Skip to content

Dundee Cake

Dundee Cake traces its origins back to 19th century Scotland, where the marmalade manufacturer Keiller’s of Dundee began commercially baking them. A beloved cake in the UK, this moist and sumptuous treat is perfection alongside a cuppa. It’s not what you’d think of as a traditional fruit cake, which contains candied peel, but rather is filled with raisins, dried fruit, ground almonds, whiskey and, oh yes . . . did we mention? Marmalade!

Dundee Cake

8 oz. self-rising flour (1½ cups)
1 oz. ground almonds (¼ cup)
1 heaped tsp. mixed spice
3 eggs
6 oz. softened butter (12 tbs.)
6 oz. light brown sugar (½ cup packed)
3 tbs. orange marmalade
14 oz. mixed dried fruit (3 cups) (we use raisins, blueberries, cranberries, and cherries)
2½ oz. glacé cherries (optional)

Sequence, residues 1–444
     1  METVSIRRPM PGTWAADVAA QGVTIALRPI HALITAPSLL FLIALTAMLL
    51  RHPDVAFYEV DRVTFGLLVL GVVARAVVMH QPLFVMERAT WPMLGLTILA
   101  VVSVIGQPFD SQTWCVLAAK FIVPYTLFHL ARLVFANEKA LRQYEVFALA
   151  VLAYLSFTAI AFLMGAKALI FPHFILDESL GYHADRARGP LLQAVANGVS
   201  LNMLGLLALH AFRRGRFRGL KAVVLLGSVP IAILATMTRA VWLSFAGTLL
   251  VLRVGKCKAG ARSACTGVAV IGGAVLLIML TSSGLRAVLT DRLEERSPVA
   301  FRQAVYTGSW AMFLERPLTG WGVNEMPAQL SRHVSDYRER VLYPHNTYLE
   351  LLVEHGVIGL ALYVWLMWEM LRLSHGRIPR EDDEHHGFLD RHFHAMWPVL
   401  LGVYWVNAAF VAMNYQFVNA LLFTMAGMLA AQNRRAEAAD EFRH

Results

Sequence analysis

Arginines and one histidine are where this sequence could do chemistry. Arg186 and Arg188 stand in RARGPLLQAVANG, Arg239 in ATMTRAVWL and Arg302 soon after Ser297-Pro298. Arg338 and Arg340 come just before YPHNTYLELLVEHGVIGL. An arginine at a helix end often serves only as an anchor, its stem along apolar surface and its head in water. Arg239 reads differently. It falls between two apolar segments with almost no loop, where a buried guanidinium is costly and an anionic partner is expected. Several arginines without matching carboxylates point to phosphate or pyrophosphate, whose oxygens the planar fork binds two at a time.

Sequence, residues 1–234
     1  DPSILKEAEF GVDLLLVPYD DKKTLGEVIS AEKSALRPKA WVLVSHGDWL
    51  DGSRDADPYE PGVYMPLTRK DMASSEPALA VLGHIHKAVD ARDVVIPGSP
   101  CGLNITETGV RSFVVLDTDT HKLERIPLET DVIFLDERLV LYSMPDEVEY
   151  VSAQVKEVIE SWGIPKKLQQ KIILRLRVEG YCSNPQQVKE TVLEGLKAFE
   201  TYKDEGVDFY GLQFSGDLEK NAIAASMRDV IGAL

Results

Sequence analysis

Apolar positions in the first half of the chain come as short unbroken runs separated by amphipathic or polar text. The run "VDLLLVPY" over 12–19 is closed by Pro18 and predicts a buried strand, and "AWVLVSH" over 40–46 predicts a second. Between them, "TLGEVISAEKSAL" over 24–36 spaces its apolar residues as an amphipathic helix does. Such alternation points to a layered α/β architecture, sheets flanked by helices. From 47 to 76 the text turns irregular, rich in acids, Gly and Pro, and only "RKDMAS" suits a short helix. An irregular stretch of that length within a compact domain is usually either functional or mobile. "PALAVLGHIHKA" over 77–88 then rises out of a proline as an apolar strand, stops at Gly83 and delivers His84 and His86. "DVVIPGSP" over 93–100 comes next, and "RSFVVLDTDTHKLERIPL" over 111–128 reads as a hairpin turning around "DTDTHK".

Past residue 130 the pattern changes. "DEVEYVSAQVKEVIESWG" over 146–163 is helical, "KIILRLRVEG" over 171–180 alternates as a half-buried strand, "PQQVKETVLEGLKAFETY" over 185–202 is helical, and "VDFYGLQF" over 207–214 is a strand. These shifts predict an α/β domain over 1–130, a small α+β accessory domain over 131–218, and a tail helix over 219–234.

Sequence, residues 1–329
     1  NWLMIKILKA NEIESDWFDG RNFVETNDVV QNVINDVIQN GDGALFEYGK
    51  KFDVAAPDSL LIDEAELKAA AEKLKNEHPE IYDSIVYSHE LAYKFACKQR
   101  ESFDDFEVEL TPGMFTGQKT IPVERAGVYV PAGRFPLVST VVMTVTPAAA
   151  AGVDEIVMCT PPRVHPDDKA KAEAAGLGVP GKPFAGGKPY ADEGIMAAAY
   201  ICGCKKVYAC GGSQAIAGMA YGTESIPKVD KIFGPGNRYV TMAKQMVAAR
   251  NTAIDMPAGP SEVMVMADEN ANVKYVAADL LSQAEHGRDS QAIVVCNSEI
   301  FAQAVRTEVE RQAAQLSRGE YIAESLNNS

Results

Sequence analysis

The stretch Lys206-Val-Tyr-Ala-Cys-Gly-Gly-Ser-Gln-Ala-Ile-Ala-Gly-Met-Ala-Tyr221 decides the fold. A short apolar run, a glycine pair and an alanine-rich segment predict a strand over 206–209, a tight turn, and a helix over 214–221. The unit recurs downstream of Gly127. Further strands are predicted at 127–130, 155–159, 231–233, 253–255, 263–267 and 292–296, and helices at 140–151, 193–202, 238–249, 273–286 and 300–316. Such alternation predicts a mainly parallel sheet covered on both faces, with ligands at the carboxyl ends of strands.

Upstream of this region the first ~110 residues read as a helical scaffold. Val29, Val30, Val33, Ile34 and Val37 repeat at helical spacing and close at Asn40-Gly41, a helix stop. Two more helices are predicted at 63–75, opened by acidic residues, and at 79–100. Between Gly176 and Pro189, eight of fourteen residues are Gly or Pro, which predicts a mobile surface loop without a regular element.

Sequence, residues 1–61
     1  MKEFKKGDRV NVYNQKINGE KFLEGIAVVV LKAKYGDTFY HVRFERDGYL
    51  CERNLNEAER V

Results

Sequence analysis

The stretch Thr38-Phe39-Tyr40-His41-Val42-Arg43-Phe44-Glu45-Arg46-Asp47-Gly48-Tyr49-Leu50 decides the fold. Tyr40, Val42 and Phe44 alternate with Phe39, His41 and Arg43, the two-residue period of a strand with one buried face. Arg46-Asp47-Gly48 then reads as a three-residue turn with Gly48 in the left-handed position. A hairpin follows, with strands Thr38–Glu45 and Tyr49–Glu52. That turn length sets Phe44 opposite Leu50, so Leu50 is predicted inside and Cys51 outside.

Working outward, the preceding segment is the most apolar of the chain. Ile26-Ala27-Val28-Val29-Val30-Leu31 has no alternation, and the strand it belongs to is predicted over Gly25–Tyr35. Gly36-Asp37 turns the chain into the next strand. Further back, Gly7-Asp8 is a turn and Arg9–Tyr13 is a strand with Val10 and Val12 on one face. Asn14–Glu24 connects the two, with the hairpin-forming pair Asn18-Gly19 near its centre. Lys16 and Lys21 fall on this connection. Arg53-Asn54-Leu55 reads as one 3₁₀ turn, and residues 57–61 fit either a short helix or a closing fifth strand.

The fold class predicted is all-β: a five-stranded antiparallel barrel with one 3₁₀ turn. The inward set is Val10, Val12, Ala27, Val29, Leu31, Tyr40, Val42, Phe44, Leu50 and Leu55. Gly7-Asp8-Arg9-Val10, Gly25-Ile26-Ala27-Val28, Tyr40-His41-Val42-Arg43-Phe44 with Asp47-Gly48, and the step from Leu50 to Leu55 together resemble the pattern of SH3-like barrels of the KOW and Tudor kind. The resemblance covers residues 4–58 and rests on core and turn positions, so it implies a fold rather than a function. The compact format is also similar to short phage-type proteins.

2 tbs. whiskey or milk
blanched whole almonds, to decorate
1 tsp. granulated sugar

Heat the oven to 325°F. Line the bottom and sides of a deep 8-inch round cake tin with parchment paper and grease the tin.

Mix the flour, almonds, and mixed spice together. Beat the eggs. Using a stand or electric mixer, cream the butter and sugar for 3-4 minutes, until light and fluffy, scraping down the sides often. Add the marmalade, then slowly beat in the eggs. If the batter seems to curdle, add a few tbs. of the flour mixture. Beat in the flour slowly, then gently fold in the dried fruit, cherries (if using), and whiskey to make a smooth batter. Spoon into the cake tin, smoothing the surface as evenly as you can. Decorate with rings of blanched almonds. Bake for 50-60 minutes, or until a tester comes out clean.

Sprinkle with the sugar and leave to cool for 10 minutes. Turn out onto a wire rack and cool completely or serve warm. Store in a cake tin for 4-5 days.

No comments yet

Leave a Reply

Fill in your details below or click an icon to log in: Logo

You are commenting using your account. Log Out /  Change )

Google+ photo

You are commenting using your Google+ account. Log Out /  Change )

Twitter picture

You are commenting using your Twitter account. Log Out /  Change )

Facebook photo

You are commenting using your Facebook account. Log Out /  Change )


Connecting to %s

%d bloggers like this: